The situation is further aggravated due to transition to Russian legislation, Novosti Kryma said.
The authorities of the occupied Crimea have recognized that due to Western sanctions and the transport isolation of the peninsula, the ports are suffering from a decline in profitability, according to Vasiuta.
In 2012 Crimean ports handled seven million tonnes of cargo, but in 2014 this had more than halved to three million tonnes.
"Such a situation virtually eliminates the possibility of making our own investment in the future development of the ports and maintaining them in the required technical condition," Vasiuta said.
In addition, he said the Crimean ports are experiencing difficulty in bringing their documents in line with the norms of Russian legislation, which "could lead to their complete shutdown."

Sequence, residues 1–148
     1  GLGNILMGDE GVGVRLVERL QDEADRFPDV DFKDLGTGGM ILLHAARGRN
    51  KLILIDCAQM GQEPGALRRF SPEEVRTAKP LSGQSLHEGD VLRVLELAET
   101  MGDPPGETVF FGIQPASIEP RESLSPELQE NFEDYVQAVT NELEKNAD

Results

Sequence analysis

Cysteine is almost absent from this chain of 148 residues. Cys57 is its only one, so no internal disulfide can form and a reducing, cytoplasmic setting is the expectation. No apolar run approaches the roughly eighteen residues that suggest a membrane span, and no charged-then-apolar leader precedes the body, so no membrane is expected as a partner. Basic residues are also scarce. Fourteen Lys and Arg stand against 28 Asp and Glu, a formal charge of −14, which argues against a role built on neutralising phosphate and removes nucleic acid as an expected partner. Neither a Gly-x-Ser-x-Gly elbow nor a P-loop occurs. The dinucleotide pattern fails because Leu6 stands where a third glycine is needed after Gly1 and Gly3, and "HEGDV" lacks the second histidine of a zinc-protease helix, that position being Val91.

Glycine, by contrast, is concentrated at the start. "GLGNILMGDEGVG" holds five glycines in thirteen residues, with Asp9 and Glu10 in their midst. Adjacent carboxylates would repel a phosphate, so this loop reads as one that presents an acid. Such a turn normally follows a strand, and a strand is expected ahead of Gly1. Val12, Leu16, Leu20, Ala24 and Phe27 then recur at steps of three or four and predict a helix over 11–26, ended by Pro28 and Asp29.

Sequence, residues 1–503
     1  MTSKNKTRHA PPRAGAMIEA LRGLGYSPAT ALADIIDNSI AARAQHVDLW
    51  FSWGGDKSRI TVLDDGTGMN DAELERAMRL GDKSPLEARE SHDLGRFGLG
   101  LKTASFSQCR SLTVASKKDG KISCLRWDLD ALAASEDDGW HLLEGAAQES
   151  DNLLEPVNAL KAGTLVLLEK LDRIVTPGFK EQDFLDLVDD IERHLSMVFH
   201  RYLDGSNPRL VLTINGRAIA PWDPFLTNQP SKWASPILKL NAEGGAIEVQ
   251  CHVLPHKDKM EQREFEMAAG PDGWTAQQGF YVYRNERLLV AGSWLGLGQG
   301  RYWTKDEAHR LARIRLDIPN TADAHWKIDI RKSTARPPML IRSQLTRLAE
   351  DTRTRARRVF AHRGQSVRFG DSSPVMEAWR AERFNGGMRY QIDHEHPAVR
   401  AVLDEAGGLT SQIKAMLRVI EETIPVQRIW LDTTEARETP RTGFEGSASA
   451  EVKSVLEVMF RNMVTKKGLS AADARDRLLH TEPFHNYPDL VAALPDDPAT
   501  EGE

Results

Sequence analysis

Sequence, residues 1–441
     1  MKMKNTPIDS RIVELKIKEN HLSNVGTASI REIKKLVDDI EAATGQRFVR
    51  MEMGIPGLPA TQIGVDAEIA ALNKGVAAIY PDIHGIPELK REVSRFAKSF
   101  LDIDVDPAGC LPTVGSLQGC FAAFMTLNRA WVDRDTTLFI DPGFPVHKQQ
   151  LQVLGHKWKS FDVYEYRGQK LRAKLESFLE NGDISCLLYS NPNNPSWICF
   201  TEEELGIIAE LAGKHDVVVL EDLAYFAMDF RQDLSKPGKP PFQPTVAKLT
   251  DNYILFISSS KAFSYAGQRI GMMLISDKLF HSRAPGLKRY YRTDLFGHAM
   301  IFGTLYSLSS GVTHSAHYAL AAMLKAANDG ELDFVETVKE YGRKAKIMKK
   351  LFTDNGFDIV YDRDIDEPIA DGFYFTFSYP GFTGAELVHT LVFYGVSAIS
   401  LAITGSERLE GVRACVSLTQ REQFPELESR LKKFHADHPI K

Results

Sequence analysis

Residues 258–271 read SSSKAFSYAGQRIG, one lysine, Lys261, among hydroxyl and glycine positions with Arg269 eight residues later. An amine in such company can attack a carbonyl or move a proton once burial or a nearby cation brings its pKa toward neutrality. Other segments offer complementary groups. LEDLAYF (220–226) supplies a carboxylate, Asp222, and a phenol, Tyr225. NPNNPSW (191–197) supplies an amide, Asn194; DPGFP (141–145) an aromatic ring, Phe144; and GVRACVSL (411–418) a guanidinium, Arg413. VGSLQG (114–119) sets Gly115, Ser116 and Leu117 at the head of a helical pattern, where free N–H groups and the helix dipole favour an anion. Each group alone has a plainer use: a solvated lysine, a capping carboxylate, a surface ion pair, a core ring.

"All these activities: the registration of port boundaries and water areas, the issuing of permits for the relevant activities, the certification of hydraulic facilities, handling systems etc. – all this entails not only time, but also financial costs," Vasiuta said.
In this regard, he appealed to federal officials to extend the transition period for the Crimean ports to complete the package of documents envisaged by the laws of the Russian Federation, and to allow them carry out activities on the basis of the available Ukrainian forms of documents.